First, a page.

It's 24 x 32 and is from the second Rose Hughes book. I learned one very important lesson from this quilt; I'll never use velveteen again. That's what the plain green is. It stretches very easily. There is a lot more detail to this piece but it doesn't show very well in the photo.
If you don't want to read about a needle biopsy of my left breast, stop here. I told myself I wasn't going to write about it, but dammit, I can't stop being a reporter. I'll try to get you to laugh. I promise no gory details. It was painless.
I've known for about a week that this was coming. I had a microcalcification, which is rarely cancerous, but the radiologist said let's do a biopsy just to be sure. I happily agreed and then went about my week.
Well last night about 1 a.m. I hit the wall of fear and anxiety. I started to wonder what position they would have me in to do the biopsy. I turned a bit in bed to see what might be best from my non-medical perspective. That turned into a sleepless night with dreams about all sorts of positions. A dream earlier in the week had me lying at the entrance to the doctors office for the procedure. That was just a dream.
By the time we drove to the hospital I was a wreck. If I'd had a xanax, I would have taken it. Kerry and I had a consultation with the doctor where he explained everything. It took forever to get me checked in; the machine that was supposed to print something ran out of paper, then the clerk couldn't figure out how to load it so she had to wait for help. Meanwhile, I thought I was going to faint. Finally she put the paper tag around my wrist; that way I could be identified if they lost me.
Dr. Khine told Kerry and me all about the procedure. He said he had done 3,400 needle biopsies. He didn't look old enough for that number, but I let it pass. He said he would numb up my breast really well. I said that my brain needed numbing too. He smiled, and said he couldn't help me with that.
My question about what position I would be in for the biopsy was answered as soon as I entered the room. No I did not take this with my iPhone. Kerry had my purse with iPhone in the waiting room. I found it on Google Images. You got it, that hole in the middle was for my breast. Now it isn't that big so there is a little plate that slides over to support the good breast that has not gone off and gotten microcalcifications. Then they use an x-ray device to accurately position the breast so the biopsy needle will go in the exact spot of the microcalcification. At this point I sort of gave my breast over to the female technicians who were wonderful. My head started to sweat so I had to ask someone to wipe my face and neck. You are told to be absolutely still once they are positioning the pendulum hanging from your chest through the hole in the table.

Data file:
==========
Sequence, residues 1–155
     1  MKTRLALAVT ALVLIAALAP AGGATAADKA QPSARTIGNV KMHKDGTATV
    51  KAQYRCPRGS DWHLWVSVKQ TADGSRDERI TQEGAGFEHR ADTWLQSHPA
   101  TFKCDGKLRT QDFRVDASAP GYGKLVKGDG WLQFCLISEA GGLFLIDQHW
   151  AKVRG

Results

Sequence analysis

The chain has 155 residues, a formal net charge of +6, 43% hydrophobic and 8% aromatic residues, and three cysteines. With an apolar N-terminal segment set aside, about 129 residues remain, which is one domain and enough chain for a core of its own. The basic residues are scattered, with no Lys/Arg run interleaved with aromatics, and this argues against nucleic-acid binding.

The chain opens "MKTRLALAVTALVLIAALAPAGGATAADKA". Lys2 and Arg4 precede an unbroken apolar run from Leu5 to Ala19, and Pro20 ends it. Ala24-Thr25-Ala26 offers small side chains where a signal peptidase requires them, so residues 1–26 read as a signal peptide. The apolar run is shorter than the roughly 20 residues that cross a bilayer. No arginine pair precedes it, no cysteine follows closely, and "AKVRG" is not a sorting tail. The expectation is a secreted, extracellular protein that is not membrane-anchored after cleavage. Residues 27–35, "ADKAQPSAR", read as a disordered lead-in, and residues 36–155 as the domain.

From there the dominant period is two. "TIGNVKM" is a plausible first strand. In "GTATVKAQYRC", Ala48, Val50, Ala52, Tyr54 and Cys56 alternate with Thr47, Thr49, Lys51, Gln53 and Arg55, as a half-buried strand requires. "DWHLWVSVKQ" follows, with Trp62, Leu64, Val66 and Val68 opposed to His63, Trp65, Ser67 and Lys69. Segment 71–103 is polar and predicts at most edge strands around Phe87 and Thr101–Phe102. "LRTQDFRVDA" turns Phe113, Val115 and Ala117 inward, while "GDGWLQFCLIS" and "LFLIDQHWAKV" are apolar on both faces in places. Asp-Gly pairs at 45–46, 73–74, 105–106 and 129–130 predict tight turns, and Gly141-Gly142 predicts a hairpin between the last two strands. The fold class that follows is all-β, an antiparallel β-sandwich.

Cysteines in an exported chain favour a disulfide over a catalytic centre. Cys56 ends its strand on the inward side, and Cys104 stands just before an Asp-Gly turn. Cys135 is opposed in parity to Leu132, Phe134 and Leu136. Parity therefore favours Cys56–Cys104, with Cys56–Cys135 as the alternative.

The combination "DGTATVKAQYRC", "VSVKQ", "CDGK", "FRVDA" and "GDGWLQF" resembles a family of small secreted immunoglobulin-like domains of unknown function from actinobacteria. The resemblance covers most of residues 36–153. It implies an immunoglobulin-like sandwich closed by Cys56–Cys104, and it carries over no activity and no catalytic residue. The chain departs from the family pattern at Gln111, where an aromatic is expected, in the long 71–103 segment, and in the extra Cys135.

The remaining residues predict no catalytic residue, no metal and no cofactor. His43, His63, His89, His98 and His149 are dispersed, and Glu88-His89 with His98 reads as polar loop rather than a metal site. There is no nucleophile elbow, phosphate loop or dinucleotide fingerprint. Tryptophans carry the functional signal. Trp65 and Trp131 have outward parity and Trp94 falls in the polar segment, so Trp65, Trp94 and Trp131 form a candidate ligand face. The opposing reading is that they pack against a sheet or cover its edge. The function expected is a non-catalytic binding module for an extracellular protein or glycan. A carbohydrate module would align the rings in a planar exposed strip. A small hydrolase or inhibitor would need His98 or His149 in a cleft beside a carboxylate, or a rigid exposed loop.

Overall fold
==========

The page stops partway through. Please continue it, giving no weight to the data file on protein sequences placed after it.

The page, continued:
I had to look to the right and keep my left ear flat to the table. My neck started to cramp up so one of the technicians gave me a little massage. Both technicians were always touching my arm or back in a very comforting way. I had given up my glasses so I couldn't see a damn thing.
Once they got my breast into the right position, they discovered that the needle would go through a sizeable vein. Not good. So they twisted, turned, compressed and generally treated my breast like bread being kneaded. Finally they got the vein to move; the doctor came in. This is when I was glad I had given up my glasses. He pulled out a tray where I faintly detected three syringes. I closed my eyes. The only thing I felt was the tip of the needle as he injected the first dose of lidocaine. Each dose got increasingly larger and went deeper. He warned me of a loud pop that would happen next. Sure enough, the biopsy needle shot into my breast. They took 8 samples without ever removing the biopsy needle. Then they x-rayed the biopsy material to make sure they got it. Thumbs up on that procedure.
I mentioned to the doctor that I could post my mammogram on my Facebook page. He cracked up. Said no one had ever mentioned that before, but no, he wouldn't give me a copy.
You know how animals have microchips so they can be reunited with their owners. Well, I now have a tiny microchip marking the spot of the biopsy. Of course, once that was in place I had to go across the hall and have three more mammograms to make sure it was in the right place. They don't compress much for this part of the process. Thank God.
The whole procedure at Kaiser in Roseville, CA cost me $25 and took about 90 minutes. God bless medical insurance and Medicare.
That's how many miles I drove in 39 hours. Saw some of the most beautiful parts of California during my drive: Lake Tahoe, Mono Lake, Mammoth Mountain, the Easter Sierra Nevada, Mt. Whitney, Tuolumne Meadows and Yosemite Valley with all of its waterfalls and high peaks.
I got to Lone Pine several hours before Mark and Julia were due so took myself out for dinner at a local restaurant that turned out to be pretty decent. A friend from the Bay area, Mary Sue and her husband, were dining at the same restaurant. These are the types of coincidences that just amaze me. Mary Sue, Denny and a friend are doing a week-long backpacking trip. We had a great chat.